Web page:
"The People in the Trees" by Hanya Yanagihara & bruleed grapefruit
The People in the Trees is not for everyone.
The story of Dr. Norton Perina, a medical doctor-turned-researcher who travels to a small Micronesian island called Ivu'ivu and makes a staggering discovery, is winding and — at many turns — disturbing.
In the 1950s, Perina and his anthropologist colleagues chance upon a "lost" people — that is, lost to the outside world — and while there, discover that some among them live impossibly long lives. Some of them, the researchers believe, are more than 200 years old. The trio study these mysterious humans, who are physically preserved and in fact fit but in various stages of mental decline. Perina ultimately deduces that their ingestion of an otherwise unknown turtle grants them their long lives while robbing them of the things that makes them human.
Perina becomes famous for his discovery, eventually winning a Nobel Prize and building his career at the National Institutes of Health. But his fame is tinged with loss; pharmaceutical companies hoping to bottle immortality transform and ultimately destroy the people and cultures of Ivu'ivu and its sister islands — which form the island nation of U'ivu— in search of the famed turtles, who go extinct in a matter of years.
For the adventure-minded, this plotline in and of itself would be enough to sustain a novel. But it is The People in the Trees' other plot that kept me turning pages, looking for clues and resolution.
The book opens with a news clipping. "Renowned Scientist Faces Charges of Sexual Abuse," the headline reads. The ensuing article reveals the abuse allegation comes from one of the children Perina adopted from U'ivu many years earlier. A prologue written by a Perina devotee and colleague introduces the meat of the novel, the memoirs Perina writes from prison. The middle 90 percent of the novel comes direct from Perina, with at times lengthy footnotes packed with context and further evidence of the devotee's love.
This story is based loosely on the story of Dr. D. Carleton Gajdusek, a real researcher who studied in Papau New Guinea and earned prison time for sexually abusing one of his adopted children. Though The People in the Trees is fiction, it often feels real, so developed are the characters.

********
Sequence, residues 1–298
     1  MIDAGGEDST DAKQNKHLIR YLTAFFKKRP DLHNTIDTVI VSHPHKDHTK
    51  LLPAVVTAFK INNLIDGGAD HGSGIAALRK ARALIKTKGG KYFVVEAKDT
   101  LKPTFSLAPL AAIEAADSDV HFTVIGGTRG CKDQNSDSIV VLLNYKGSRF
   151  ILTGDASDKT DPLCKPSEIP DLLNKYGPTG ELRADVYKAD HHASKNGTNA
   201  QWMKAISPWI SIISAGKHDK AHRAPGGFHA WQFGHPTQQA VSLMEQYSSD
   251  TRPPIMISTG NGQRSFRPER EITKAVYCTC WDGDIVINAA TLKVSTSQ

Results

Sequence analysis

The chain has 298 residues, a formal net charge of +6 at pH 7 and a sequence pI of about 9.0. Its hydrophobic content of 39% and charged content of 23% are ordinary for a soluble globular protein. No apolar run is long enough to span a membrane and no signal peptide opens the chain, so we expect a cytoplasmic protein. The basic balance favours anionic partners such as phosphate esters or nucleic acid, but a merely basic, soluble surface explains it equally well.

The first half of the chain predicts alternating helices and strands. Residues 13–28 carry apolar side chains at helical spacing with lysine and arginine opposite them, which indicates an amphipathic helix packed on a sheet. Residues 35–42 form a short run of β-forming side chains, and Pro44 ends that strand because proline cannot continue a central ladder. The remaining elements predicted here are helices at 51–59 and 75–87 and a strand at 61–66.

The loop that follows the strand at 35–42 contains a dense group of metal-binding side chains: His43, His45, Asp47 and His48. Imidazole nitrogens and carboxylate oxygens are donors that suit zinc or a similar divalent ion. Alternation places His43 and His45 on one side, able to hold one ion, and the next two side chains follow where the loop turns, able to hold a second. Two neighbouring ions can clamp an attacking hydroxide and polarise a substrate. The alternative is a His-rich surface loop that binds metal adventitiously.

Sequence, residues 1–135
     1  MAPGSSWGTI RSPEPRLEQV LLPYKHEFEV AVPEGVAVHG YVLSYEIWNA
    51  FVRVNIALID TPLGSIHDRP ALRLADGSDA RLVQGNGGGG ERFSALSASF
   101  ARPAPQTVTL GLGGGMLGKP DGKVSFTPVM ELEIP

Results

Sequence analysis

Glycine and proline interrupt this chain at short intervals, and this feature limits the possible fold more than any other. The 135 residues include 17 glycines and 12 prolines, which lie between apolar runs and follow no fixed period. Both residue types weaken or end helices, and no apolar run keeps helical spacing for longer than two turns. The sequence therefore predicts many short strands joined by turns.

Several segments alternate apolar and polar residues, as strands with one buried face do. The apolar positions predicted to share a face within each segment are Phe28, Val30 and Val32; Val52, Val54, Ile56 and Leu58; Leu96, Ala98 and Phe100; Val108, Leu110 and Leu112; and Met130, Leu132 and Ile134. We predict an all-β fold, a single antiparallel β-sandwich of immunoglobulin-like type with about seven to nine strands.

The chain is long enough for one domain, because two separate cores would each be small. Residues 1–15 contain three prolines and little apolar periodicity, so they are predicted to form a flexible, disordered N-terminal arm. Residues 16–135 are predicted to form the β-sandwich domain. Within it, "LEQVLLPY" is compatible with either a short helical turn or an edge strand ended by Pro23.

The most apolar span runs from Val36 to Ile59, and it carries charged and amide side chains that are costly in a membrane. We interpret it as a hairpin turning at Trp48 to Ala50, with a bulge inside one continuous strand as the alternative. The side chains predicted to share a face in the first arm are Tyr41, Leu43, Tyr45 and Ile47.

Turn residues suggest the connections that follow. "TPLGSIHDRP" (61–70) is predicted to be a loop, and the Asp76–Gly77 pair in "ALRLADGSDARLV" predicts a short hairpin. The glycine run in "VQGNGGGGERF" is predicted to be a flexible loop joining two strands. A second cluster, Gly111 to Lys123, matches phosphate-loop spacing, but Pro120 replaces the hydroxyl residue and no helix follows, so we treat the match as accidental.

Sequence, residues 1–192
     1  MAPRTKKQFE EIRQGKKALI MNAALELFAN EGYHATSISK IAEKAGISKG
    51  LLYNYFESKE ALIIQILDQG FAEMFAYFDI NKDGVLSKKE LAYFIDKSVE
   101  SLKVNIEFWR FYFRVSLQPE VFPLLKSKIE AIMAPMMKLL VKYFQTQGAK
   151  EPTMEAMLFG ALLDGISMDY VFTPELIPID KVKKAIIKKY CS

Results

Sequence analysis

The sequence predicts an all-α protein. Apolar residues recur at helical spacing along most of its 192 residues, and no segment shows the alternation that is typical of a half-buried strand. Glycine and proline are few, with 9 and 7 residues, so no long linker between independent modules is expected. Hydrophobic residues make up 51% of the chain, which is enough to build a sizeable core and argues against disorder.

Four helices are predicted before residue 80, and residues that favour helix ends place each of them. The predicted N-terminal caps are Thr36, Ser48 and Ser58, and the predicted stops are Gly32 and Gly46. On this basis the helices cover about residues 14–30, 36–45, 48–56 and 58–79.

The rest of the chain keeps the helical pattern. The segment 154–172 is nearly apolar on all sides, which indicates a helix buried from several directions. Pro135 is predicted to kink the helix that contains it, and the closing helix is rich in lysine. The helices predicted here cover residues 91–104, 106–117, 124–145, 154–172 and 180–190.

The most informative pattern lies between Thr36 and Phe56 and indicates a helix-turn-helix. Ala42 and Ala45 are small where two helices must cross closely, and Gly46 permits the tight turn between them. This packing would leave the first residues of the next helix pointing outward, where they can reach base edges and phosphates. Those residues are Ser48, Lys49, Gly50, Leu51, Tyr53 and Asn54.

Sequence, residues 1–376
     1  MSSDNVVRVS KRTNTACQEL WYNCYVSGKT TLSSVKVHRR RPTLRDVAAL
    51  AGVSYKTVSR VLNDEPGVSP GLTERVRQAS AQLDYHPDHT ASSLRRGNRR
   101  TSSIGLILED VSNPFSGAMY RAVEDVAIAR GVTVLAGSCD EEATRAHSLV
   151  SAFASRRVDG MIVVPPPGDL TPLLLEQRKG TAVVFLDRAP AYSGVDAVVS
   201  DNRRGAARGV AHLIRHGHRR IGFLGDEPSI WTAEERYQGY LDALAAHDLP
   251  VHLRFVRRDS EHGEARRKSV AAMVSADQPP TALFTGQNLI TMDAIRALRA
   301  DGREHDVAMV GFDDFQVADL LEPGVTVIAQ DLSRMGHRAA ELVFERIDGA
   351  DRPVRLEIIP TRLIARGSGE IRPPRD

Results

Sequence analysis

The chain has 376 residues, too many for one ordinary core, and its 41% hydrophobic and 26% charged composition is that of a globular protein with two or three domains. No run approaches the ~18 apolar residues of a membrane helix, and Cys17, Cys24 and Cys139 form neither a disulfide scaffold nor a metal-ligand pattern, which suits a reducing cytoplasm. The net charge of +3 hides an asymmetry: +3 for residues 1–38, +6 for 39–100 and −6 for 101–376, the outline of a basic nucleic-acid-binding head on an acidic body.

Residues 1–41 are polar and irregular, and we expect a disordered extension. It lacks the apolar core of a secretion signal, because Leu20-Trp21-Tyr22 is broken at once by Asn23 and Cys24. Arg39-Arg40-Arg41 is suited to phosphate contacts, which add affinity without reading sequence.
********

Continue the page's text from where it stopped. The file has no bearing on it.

The People in the Trees is an ideal book club pick because its plots and subplots offer so many questions ripe for exploration and debate: How desirable is immortality? Which of its associated costs is the worst? Who decides what is moral and what isn't? Is morality defined by culture, or is it absolute?
I hope I can convince you to read this admittedly disturbing book. I need to talk to someone about it.
Make sure you don't skip the epilogue of this book. It will answer several of your questions and leave you (I hope) slack-jawed with disgust. You will absolutely need a palate cleanser once you turn the final pages. This bruleed grapefruit should do the trick.
- Cardamom seeds (optional)
- Mini torch
Slice grapefruit in half and set aside. Remove the seeds from a few cardamom pods and crush to a fine powder in a mortar and pestle. Mix cardamom powder into a few teaspoons of sugar.
Top grapefruit halves with cardamom sugar. Some will sink into the grapefruit, so work quickly. Using a small torch, melt the sugar until it caramelizes. Continue until the sugar reaches your desired level of meltedness or darkness, then grab a spoon and enjoy.